Winter is coming, and it looks like it has stayed as the influence of HBO’s Game Of Thrones is felt all across this film. Each film that Disney has reimagined as a live-action fairytale has been touched by that show. From the action, to the back stabbing plots and general imagery, to even casting the same actors - everyone wants a part of that George R.R. Martin magic.
Part Lord Of The Rings, part Chronicles Of Narnia, part Xena: Warrior Princess, The Huntsmen: Winter’s War is the prequel to Snow White and The Huntsmen. On the previous film a scandal was created by director Rupert Sanders when he and Twilight star Kristen Stewart had a riotous affair that ended Sanders marriage and delayed the sequel. ‘Winter War’ sees the return of Charlize Theron, Chris Hemsworth, and comedian Nick Frost all reprising their roles. Emily Blunt and Jessica Chastain are the new heavy hitters to the series. The film highlights basically why the Huntsmen were created and walks us through their Spartan-like training. Chastain plays the romantic interest of Hemsworth as a fellow and rival Huntsmen.
‘Winters War’ is a very pretty movie and like its predecessor should be praised for its costumes and visual design. It is the directorial debut of Cedric Nicolas-Troyan, who was the visual effects supervisor on the previous film. But from the opening scenes the movie is extremely predictable, making it gorgeous but painstakingly boring. ‘Huntsmen’ watches like a film that wants to be a different movie. A darker, more gritty and violent movie; a movie that wants to be for adults that is watered down by being a Disney property. From the snarky humor to the bloodless limb dismemberments, everything is toting the grey area line hoping for mass market appeal. As a result the film feels like it is missing something.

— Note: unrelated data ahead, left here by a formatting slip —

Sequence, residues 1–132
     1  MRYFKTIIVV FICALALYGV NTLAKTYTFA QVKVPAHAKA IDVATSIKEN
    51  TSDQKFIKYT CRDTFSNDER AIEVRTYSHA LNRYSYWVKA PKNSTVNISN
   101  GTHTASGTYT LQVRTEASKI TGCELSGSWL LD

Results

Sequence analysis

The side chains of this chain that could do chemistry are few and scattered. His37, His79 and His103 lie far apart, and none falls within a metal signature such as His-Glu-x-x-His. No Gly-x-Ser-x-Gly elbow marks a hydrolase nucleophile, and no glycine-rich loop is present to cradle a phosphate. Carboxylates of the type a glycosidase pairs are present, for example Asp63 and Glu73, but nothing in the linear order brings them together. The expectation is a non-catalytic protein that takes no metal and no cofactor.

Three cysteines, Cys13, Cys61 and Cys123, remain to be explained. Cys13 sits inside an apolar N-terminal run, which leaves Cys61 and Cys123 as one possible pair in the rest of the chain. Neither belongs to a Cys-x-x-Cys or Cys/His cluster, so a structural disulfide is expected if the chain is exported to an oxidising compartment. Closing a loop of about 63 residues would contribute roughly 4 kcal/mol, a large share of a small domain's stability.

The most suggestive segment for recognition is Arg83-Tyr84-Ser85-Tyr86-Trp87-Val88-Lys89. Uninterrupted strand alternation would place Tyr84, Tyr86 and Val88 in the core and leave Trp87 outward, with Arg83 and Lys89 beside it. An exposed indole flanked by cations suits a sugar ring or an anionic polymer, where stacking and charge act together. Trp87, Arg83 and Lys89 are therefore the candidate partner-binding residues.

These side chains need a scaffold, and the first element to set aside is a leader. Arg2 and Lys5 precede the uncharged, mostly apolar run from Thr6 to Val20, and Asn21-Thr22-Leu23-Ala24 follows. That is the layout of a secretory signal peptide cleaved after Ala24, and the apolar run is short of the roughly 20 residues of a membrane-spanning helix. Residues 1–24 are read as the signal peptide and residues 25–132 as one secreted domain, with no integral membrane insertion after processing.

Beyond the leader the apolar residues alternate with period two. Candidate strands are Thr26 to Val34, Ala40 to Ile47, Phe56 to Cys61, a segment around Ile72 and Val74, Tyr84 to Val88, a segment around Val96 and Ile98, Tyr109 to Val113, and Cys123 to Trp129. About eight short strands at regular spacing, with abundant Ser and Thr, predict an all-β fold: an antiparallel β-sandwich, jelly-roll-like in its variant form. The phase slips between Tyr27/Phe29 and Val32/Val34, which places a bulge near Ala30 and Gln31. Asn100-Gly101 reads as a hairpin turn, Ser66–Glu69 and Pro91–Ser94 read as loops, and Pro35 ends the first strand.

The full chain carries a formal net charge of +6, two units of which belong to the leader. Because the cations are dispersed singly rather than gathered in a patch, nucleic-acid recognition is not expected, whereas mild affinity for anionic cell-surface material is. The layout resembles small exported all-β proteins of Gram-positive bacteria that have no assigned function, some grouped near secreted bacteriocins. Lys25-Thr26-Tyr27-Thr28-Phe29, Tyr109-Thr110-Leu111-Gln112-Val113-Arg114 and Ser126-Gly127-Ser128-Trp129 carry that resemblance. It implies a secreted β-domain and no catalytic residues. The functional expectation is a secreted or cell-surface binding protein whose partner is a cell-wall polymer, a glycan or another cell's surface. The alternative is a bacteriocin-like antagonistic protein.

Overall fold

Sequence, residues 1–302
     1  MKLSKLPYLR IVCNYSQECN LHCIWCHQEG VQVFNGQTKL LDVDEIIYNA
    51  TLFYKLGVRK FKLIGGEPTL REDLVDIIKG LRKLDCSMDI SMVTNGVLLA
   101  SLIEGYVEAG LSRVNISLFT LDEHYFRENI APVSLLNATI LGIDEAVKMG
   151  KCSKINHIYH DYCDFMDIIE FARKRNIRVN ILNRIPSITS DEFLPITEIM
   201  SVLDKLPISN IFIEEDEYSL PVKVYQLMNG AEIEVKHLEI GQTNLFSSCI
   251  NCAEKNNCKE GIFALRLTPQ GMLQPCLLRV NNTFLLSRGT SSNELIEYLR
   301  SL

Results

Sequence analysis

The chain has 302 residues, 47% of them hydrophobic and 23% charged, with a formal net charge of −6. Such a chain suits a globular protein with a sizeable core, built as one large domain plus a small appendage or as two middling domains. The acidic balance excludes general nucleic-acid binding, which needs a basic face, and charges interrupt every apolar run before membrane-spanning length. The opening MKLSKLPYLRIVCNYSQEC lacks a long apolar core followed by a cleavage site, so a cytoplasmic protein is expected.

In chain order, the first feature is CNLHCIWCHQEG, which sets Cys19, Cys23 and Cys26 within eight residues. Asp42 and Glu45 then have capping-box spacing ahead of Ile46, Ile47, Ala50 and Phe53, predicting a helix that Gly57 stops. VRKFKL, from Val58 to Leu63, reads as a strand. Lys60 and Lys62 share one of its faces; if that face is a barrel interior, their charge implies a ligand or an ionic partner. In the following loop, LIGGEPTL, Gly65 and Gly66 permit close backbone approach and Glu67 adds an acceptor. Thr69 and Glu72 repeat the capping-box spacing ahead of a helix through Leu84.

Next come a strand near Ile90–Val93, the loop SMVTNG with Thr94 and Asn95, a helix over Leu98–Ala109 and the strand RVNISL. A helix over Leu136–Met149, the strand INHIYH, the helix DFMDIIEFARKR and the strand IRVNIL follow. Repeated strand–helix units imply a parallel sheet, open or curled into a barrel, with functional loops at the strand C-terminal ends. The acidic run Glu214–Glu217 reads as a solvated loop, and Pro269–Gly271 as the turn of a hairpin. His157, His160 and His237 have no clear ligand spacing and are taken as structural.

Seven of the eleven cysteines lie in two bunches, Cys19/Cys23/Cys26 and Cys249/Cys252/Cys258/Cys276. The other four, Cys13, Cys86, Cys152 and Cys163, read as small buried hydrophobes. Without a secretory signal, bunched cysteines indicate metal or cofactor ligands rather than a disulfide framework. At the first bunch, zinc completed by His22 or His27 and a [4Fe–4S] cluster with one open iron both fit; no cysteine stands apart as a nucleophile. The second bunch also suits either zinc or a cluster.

With a mixed bag of some of the best actors around, most of them end up really just being wasted talent. Charlize Theron outshines everyone on screen as other powerhouses Emily Blunt and Jessica Chastain are not really given much meat to chew on, and do their best with their undeveloped characters. This is a movie where, outside of Theron, you can tell Academy Award winning actors are just collecting a paycheck. The breakaway stars and breath of life in this dull film are comedians Nick Frost and Sheridan Smith who play hilarious dwarves. There is a moment in the film when they are captured and are absent from the screen for about twenty minutes and their presence is sorely missed.
It’s a shame that this movie is so disappointing when there really is a novel idea here. Most of the characters suffer indignities, but so little time is spent in character building that you don’t feel for them and what they are going through. So much is shoved into this film that it watches like a beat board in a production meeting: open with tragedy, twenty minutes in - mandatory fight scene, forty five minutes in - big plot twist reveal; last twenty minutes - climactic final boss battle.
Snow White is Disney’s oldest intellectual property, as it was the first feature length animation that Walt Disney created. We, as an audience, are familiar with these tired characters; but the dark take is refreshing. When characters are not developed, you don’t sympathize for them as an audience member. Really ‘The Huntsmen’ series should be broken down into more movies: with a movie dedicated just to Hemsworth and Chastain’s journey and a separate movie dedicated to just Queen Freya that ends in a cliffhanger tragedy. That way, when something tragic happens to these characters, it doesn't come off as too many story arcs being shoehorned together, you actually care about the characters; hopefully coming back for the sequel to see how it plays out.